Tennessee Supreme Court Disbars Davidson County Attorney for Three Criminal Convictions

Nashville, Tenn – The Tennessee Supreme Court upheld the decision of a Tennessee Board of Professional Responsibility hearing panel disbarring a Davidson County attorney for three criminal convictions.  The criminal convictions arise from the attorney’s conduct in representing a client in post-divorce proceedings. 

Robert Allen Doll, III, practiced family law in Tennessee.  In 2013, one of his clients expressed concerns about her children’s safety during visitations with her ex-husband.  An emergency petition was filed in the Williamson County domestic relations court to prevent the client’s ex-husband from exercising his visitation.  Attached to the petition was an oath containing what appeared to be his client’s notarized signature swearing to the facts in the petition.  The signature was notarized by a Davidson County notary, and Mr. Doll signed as the client’s attorney.  A judge granted the petition, temporarily stopping the ex-husband from exercising his parenting time, and set the case for a hearing.

Mr. Doll was not present at the initial hearing, but the client testified that she had not signed the petition.  The judge terminated the restraining order and requested Mr. Doll be present and explain the signature at another hearing.  At the second hearing, Mr. Doll told the judge his client was in his office and reviewed the petition the day it was signed.  The judge informed Mr. Doll he was potentially facing criminal allegations based on the inconsistent testimony.  At a later hearing, Mr. Doll’s client testified that she went to Mr. Doll’s office and signed the petition.

The District Attorney General obtained grand jury indictments against Mr. Doll and his client.  At Mr. Doll’s criminal trial, the client testified the signature on the petition was not hers and she had never gone to Mr. Doll’s office to sign the petition.  The client explained before one of the hearings, Mr. Doll met her outside the courtroom and instructed her to tell the judge she had signed the document.  The client said Mr. Doll never informed her she could get in trouble for lying under oath.  The client agreed she perjured herself and was indicted for two counts of aggravated perjury.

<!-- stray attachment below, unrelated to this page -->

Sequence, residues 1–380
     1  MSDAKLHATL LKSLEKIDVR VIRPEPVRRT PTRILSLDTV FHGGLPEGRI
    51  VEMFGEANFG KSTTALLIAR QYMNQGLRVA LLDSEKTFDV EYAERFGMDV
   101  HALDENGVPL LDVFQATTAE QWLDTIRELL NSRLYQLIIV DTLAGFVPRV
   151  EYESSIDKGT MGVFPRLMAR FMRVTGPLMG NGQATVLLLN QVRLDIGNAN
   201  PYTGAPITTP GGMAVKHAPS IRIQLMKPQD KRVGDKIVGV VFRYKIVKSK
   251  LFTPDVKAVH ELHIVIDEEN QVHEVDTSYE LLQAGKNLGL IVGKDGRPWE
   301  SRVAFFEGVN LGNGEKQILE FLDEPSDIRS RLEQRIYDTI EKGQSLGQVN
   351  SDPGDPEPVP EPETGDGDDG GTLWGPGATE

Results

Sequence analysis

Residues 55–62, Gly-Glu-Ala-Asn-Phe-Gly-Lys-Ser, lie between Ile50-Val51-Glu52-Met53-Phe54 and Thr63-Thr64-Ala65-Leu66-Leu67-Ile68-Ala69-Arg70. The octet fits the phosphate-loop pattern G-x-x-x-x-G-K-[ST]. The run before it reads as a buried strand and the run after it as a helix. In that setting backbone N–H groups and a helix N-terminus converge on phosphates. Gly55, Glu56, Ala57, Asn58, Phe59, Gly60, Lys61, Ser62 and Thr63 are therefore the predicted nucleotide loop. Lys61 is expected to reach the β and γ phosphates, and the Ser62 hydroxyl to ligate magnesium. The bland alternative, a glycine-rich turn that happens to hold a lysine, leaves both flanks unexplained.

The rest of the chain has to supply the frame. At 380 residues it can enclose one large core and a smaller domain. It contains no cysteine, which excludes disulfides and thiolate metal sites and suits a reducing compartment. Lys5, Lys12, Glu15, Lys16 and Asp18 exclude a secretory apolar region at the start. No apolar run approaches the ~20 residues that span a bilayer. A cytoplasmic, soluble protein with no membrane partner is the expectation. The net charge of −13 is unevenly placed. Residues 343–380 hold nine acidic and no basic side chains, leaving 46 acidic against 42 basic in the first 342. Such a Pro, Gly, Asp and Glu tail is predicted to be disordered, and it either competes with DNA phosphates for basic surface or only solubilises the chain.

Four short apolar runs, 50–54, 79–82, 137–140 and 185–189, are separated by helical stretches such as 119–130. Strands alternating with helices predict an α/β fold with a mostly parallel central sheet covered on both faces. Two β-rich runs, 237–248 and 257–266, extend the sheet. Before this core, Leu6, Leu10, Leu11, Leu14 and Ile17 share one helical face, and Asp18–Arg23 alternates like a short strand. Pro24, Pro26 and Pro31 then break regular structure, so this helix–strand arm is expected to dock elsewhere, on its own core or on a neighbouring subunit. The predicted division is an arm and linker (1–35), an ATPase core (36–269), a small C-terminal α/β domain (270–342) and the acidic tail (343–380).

A jury convicted Mr. Doll on two counts of subornation of aggravated perjury for having his client lie under oath and one count of criminal simulation for forging the client’s signature.  All three convictions are Class E felony offenses and serious crimes under Tennessee Supreme Court Rule 9.  The Tennessee Supreme Court suspended Mr. Doll’s law license and referred the matter to a Board of Professional Responsibility hearing panel to hold a hearing to determine the extent of final discipline to be imposed. 

In the hearing, Mr. Doll admitted the fact of his convictions and agreed they all related to his actions as a practicing attorney and occurred while he was representing his client before the court.  The panel determined disbarment was the appropriate discipline for Mr. Doll’s conduct because he engaged in serious criminal conduct which involve intentional interference with the administration of justice, and he violated the duties owed by every attorney causing serious or potentially serious injury to his client.  Mr. Doll appealed the hearing panel’s decision to the Davidson County chancery court, which affirmed. 

Mr. Doll appealed his sanction to the Tennessee Supreme Court.  He argued the hearing panel should have reviewed similar cases of attorney misconduct where a suspension was imposed, and that he should be suspended based on the sanction imposed in those cases.  Alternatively, he argued under the Supreme Court’s review, he should be suspended rather than disbarred.

The Supreme Court rejected Mr. Doll’s arguments.  The Court held the rules governing the process for attorney discipline do not give Board of Professional Responsibility hearing panels or trial courts authority to consider similar cases of attorney misconduct when deciding the discipline to be imposed.  The Court further held it has authority to review similar attorney disciplinary cases, but that no comparable case convinced the Court that suspension was the appropriate sanction for Mr. Doll.

The Court considered the circumstances of Mr. Doll’s three felony convictions, acknowledging “it is undisputed that the jury in the criminal case credited testimony showing that Mr. Doll took advantage of the trust his client placed in him and pressured her into lying in court, all in order to shield Mr. Doll from the fallout of his actions.”  The Court agreed with the panel that Mr. Doll’s conduct “cuts through the very heart of the judicial system and cannot be minimized in any way.”  The Court ordered Mr. Doll disbarred from the practice of law in Tennessee.

To read the Court’s opinion in Robert Allen Doll, III v. Board of Professional Responsibility of the Supreme Court of Tennessee, authored by Chief Justice Holly Kirby, go to the opinions section of TNCourts.gov.